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|Title:||NURSING OVERTIME WORK IN CRITICAL CARE: QUALITATIVE AND QUANTITATIVE PERSPECTIVES|
|Keywords:||overtime;nurse;critical care;qualitative;quantitative;patient outcomes|
|Abstract:||Background: Nursing overtime is being integrated into the normal landscape of practice to ensure optimal staffing levels and address variations in patient volume and acuity. This is particularly true in critical care where fluctuations in either are difficult to predict. Research exploring nurses’ perceptions of the outcomes of overtime has not been conducted, and studies exploring the relationship between nursing overtime and patient outcomes have produced conflicting results. Objectives: This study aims to explore critical care nurses’ perceptions of the outcomes of overtime, their reasons for working or not working it, and to determine the relationship between critical care nursing overtime and specific nurse (sick time) and patient (infections/mortality) outcomes. Methods: This thesis is comprised of two discrete components. Thorne’s interpretive description guided the qualitative component and multilevel regression models tested relationships in the quantitative portion. Qualitative and quantitative methods were selected because of their complementarity and ability to explore both perceptions of overtime in addition to the relationship between nursing overtime and outcomes for nursing staff and their patients. Results: Participants’ reasons for working overtime included: (a) financial gain, (b) helping and being with colleagues, (c) continuity for nurses and patients, and (d) accelerated career development. Their reasons for not working overtime were: (a) tired and tired of being there, (b) established plans, and (c) not enough notice. Major themes highlighting the perceived outcomes of overtime included: (a) physical effects, (b) impact on patient centered care, (c) the issue of respect, (d) balancing family and work, (e) the issue of guilt, (f) financial gain, and (g) safety is jeopardized. Regression analysis revealed that for every 10 hours of nursing overtime, sick time increased by 3.3 hours (p<0.0001). Overtime was not associated with patient outcomes (infections and mortality). Conclusion: There are negative and positive consequences of nursing overtime for nurses and patients. Future research needs to focus on the collection of accurate patient level data, as well as tracking and exploring the effects of unpaid overtime (missed breaks/staying late). Nurses should work to proactively lobby governments to fund adequate staffing in order to reduce the need for overtime and provide safer patient care.|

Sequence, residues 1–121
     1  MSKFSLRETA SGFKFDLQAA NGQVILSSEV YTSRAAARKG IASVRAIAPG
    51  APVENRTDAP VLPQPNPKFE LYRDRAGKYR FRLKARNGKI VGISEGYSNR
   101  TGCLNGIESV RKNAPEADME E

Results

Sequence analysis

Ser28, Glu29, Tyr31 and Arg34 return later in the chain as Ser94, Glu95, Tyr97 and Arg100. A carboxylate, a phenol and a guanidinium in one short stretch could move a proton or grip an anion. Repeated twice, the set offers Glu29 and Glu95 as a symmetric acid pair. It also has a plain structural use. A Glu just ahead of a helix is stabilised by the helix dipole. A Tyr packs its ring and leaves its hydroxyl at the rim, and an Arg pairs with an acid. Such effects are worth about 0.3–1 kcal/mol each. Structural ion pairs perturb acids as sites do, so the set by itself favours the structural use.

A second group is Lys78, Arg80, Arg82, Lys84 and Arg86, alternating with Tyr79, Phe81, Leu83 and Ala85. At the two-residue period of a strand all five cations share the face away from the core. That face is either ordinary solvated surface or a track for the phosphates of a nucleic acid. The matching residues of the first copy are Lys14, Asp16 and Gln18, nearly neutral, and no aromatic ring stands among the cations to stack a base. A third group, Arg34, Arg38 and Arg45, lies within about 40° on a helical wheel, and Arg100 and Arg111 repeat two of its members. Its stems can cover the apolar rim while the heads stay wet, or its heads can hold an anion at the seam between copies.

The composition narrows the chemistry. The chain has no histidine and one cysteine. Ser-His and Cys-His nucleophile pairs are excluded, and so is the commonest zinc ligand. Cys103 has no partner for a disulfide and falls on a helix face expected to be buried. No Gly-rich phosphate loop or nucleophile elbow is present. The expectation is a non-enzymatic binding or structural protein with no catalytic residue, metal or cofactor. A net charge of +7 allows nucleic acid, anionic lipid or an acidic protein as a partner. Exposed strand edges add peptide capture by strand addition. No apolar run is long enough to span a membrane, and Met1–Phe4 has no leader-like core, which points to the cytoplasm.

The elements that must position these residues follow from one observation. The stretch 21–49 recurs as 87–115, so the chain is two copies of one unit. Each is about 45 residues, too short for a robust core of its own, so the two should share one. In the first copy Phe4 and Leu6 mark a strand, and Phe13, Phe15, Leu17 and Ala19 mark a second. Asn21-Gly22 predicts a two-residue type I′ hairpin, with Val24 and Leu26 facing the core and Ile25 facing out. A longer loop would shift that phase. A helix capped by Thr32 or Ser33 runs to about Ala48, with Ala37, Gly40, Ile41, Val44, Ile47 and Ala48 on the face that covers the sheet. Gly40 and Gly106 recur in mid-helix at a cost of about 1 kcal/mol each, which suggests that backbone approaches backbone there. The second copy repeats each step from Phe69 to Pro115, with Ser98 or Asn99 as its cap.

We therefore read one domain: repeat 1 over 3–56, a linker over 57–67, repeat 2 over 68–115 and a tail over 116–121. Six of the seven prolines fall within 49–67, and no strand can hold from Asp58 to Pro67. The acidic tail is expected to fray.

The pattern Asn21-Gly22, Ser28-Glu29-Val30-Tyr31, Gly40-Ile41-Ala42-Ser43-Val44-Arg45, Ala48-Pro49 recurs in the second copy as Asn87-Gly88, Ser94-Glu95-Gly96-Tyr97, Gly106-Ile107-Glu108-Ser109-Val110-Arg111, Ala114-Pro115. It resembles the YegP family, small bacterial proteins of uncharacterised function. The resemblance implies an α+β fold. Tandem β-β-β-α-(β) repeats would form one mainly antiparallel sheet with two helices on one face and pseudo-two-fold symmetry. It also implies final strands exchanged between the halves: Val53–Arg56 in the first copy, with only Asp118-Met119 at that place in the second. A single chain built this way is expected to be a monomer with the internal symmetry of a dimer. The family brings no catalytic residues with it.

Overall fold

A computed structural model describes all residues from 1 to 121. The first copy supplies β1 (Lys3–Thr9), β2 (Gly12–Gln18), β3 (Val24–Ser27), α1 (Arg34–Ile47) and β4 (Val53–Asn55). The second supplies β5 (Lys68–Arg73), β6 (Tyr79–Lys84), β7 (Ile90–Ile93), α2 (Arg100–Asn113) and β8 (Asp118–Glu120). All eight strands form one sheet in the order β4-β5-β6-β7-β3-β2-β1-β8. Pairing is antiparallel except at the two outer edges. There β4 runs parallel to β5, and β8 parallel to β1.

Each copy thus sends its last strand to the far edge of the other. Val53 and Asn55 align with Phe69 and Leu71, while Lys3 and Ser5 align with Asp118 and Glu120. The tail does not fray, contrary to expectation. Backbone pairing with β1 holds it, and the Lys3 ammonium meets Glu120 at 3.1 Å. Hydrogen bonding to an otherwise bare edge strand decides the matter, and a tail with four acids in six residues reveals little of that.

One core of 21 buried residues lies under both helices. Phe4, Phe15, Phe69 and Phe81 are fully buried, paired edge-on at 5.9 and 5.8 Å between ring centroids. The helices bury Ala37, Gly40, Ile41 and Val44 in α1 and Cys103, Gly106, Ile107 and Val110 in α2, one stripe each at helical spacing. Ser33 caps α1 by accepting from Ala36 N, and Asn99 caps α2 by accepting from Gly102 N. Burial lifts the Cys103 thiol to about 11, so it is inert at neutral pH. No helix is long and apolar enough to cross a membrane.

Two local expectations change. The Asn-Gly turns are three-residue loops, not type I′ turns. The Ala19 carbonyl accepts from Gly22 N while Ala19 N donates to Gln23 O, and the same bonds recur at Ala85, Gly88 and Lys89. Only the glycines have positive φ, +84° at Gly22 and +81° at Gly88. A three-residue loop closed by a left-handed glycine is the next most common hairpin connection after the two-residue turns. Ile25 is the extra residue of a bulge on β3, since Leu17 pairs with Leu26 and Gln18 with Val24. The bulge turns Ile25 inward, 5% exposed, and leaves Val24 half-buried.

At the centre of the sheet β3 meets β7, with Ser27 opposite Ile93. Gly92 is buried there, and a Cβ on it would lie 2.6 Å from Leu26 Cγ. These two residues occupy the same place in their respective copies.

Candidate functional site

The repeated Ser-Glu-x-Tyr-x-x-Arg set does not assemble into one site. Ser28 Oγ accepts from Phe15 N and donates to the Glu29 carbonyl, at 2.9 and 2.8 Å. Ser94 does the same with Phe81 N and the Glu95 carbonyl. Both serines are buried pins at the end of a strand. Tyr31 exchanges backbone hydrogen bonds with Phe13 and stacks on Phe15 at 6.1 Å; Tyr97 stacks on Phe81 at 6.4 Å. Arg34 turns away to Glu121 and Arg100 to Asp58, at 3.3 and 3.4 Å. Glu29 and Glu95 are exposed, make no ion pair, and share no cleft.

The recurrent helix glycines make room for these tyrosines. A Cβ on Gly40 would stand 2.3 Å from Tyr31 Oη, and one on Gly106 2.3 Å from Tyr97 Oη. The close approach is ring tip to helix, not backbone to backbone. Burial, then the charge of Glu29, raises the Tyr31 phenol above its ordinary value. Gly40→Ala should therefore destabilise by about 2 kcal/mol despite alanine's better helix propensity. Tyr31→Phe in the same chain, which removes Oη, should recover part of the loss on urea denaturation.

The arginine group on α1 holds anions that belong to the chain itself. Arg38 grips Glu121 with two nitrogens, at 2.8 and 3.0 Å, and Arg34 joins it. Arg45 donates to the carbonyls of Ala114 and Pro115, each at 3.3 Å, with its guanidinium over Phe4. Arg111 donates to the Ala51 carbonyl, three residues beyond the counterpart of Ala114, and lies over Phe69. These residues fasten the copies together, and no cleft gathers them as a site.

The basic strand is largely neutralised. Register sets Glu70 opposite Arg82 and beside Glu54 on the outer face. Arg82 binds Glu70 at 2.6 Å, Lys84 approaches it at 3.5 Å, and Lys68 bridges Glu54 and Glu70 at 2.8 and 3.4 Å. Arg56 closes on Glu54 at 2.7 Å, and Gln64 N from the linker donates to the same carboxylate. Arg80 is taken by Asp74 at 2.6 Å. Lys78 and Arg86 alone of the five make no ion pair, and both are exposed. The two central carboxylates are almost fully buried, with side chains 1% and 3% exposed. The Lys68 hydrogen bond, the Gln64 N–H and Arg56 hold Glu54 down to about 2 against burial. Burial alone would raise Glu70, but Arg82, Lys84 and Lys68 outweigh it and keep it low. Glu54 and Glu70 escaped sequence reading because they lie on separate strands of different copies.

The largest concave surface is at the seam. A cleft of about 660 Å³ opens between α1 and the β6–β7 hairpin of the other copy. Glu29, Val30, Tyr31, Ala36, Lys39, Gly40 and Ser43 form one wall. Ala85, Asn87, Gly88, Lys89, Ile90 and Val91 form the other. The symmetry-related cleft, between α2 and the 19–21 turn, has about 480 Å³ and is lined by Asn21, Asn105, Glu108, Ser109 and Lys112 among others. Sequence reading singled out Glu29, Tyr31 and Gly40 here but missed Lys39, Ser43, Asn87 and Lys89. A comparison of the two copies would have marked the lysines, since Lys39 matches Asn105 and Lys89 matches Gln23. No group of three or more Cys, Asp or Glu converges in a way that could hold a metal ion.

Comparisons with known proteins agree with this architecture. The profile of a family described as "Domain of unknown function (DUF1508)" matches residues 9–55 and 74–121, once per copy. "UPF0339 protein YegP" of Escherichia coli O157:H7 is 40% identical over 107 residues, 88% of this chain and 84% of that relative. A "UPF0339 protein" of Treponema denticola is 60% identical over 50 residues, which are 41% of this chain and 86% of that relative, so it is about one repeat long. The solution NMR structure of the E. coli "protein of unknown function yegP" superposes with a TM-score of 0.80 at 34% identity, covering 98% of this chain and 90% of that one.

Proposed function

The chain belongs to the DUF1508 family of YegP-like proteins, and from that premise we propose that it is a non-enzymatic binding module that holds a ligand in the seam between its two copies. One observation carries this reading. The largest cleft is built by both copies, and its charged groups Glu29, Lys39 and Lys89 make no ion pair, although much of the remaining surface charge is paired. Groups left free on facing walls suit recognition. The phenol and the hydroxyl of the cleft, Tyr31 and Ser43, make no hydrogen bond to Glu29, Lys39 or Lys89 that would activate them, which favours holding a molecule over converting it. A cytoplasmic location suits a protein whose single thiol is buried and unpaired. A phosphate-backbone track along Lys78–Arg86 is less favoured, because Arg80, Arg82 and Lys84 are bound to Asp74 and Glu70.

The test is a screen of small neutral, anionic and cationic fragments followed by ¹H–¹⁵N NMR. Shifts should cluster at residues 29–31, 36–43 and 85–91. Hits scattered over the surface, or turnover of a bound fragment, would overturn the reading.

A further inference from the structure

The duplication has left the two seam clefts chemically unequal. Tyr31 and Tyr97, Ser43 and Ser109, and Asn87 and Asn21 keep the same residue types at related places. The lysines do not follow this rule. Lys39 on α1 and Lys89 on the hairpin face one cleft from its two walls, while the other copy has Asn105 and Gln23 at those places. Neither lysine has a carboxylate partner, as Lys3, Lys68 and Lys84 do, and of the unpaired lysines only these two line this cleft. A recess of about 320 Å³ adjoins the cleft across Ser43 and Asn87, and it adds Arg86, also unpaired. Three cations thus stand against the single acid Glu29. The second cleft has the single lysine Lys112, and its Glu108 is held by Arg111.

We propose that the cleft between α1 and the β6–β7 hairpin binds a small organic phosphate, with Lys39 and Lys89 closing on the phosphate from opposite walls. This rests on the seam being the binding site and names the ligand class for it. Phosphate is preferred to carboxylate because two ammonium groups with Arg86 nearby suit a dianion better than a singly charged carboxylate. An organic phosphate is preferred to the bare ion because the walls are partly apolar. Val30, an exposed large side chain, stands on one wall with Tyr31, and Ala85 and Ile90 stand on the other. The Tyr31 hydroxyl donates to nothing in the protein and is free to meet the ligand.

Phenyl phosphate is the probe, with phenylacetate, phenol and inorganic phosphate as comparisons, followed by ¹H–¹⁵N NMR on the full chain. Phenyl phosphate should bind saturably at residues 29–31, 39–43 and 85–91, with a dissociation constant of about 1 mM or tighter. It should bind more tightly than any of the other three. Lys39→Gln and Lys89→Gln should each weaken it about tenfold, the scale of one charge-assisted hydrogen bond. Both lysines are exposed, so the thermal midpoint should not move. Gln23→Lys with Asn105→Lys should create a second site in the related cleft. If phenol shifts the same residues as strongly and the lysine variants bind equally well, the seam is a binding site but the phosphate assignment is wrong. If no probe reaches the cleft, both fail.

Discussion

|Appears in Collections:||Open Access Dissertations and Theses|
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|Lobo_Vanessa_M_Finalsubmisson2015Sept_PhDNursing.pdf||Thesis||1.67 MB||Adobe PDF||View/Open|
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